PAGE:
12/12/10

Question:

Who do you write for?



I ask because authors always say to "write for yourself" and not your audience, which seems like sound advice. Lately, and this may be incited by my blues, I haven't felt like I'm writing for myself. I've been writing more out of habit than passion. I'm not writing for an audience, since I don't have one, but when I do write I can't help but think "What will my audience think of this?" Is that wrong?



I also want to broaden my reading shelf. Lately all I've been reading is M/M romance, which is good and all, but I think it's killed my creativity. Or at least tied it up and shoved pillows in its face. I used to write stories that didn't involve romance at all, but now there is always at least a romantic plot line. What happened to me?

(I, of course, have theories on the matter: Because I'm single and rather happy with the rest of my life and romance is the one thing I'm missing, that is what I tend to focus on and want happy endings for. Also, I think I write what I read.)



What's one book that you think is an absolute MUST read that doesn't involve/focus on a romantic relationship? I'd love to hear your thoughts.

2 comments:

  1. I write, first and formost, for myself or the story. I have a story I want to tell, and I write it. To the extent the story is "organic," I'm writing for the story.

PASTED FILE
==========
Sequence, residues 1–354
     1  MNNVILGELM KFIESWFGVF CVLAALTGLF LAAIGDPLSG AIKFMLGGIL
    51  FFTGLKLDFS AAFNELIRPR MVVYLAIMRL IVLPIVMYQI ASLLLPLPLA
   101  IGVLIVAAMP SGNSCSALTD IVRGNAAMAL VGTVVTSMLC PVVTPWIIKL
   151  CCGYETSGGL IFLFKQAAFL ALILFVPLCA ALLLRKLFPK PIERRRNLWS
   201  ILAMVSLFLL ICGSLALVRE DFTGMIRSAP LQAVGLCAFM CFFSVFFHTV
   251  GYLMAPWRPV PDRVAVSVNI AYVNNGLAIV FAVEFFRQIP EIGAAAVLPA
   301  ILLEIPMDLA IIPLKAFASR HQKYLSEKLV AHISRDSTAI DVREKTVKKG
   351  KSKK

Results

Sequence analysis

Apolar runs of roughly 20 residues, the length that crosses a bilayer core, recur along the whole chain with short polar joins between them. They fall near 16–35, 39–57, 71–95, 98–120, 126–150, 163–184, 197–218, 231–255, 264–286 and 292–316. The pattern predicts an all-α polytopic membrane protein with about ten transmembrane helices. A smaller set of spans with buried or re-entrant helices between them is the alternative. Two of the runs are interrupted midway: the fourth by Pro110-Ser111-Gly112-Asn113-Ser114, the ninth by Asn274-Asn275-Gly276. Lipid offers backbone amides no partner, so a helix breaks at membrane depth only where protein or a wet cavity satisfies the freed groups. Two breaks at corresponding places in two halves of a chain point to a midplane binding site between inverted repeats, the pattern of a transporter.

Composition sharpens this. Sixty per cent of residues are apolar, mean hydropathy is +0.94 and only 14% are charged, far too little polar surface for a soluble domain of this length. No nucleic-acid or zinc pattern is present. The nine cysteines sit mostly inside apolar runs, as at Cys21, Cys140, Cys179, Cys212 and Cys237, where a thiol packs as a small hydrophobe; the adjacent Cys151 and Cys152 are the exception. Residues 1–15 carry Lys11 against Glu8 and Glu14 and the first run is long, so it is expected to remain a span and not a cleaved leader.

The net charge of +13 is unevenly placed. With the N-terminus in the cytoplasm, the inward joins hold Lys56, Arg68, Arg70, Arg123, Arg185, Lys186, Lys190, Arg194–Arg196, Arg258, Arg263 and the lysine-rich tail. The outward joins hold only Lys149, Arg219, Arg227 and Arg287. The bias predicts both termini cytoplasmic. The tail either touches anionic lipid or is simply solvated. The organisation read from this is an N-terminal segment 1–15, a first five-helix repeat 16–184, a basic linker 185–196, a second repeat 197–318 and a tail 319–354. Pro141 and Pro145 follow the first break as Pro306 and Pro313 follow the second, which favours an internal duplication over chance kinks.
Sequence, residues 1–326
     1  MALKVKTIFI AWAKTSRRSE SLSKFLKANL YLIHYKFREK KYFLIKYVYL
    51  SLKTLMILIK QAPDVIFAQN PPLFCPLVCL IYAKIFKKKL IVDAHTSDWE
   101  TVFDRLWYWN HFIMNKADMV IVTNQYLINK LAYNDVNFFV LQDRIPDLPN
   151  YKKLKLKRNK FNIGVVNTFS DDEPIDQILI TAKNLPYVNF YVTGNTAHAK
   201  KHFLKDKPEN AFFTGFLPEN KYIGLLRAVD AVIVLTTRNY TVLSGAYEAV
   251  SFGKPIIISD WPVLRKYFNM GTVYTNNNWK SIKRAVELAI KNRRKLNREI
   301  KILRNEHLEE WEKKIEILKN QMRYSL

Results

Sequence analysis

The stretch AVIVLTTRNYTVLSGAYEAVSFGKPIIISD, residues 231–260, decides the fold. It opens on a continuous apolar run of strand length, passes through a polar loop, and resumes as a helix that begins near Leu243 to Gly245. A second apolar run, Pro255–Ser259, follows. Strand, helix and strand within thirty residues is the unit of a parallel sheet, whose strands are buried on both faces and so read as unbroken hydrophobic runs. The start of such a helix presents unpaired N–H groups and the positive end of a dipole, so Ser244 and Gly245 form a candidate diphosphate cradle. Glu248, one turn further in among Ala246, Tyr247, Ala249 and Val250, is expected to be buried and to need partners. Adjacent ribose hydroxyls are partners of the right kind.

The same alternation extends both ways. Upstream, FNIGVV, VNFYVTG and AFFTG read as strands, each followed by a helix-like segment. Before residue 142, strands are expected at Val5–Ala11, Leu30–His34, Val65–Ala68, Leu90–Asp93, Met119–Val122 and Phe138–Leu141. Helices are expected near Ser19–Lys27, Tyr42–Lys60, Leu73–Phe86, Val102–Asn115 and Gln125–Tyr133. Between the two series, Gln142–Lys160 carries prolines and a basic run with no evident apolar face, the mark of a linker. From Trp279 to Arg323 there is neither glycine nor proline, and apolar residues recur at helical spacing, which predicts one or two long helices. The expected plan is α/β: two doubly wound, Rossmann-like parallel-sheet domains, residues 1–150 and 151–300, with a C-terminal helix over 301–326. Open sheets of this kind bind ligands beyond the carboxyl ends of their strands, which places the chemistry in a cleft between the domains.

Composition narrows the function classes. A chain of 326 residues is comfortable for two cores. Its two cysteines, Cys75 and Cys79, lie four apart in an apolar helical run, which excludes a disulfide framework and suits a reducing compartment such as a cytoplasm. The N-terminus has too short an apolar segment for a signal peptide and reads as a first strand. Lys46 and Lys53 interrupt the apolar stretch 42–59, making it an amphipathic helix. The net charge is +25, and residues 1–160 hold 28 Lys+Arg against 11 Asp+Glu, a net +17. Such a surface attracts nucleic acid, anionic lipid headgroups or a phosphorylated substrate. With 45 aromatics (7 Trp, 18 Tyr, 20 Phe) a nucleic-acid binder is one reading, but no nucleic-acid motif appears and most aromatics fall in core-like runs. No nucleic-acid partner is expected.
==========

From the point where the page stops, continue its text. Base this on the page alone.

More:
I guess I write certain parts for potential readers, or use certain words or edit out certain events or handle them in various ways depending on who might be reading. You always have an audience, even if its only a "target" audience and not a legit audience, yet. YA is going to be written differently than WWII alternative history, for instance.

    Hunger Games has a romantic element, but its entirely chaste relationships, since its YA. In fact, its oddly, over the top, chaste. It's almost unbelievable. It's certainly not the focus.

    The Unnamed involves a marriage and father/daughter relationship, but its mostly one man's struggle with his disease (uncontrollable walking). I highly recommend it. Both sound like they differ from your usual material.

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  2. I knew you'd recommend Hunger Games. I'd probably tend toward that because The Unnamed was described as a "devastatingly sad story."

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